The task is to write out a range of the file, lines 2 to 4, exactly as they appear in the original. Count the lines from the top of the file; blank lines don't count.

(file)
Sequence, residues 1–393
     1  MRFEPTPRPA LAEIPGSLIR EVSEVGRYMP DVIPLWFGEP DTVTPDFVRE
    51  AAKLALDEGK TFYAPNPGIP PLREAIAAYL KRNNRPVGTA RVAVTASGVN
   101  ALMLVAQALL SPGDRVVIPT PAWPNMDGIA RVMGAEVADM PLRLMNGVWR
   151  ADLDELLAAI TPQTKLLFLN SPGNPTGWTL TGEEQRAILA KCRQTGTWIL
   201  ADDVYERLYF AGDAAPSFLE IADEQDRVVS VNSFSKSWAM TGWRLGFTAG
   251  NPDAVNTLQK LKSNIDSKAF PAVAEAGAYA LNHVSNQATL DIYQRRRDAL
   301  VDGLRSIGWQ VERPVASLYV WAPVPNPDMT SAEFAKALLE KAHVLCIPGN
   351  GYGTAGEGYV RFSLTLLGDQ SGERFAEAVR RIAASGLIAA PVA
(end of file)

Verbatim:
     1  MRFEPTPRPA LAEIPGSLIR EVSEVGRYMP DVIPLWFGEP DTVTPDFVRE
    51  AAKLALDEGK TFYAPNPGIP PLREAIAAYL KRNNRPVGTA RVAVTASGVN
   101  ALMLVAQALL SPGDRVVIPT PAWPNMDGIA RVMGAEVADM PLRLMNGVWR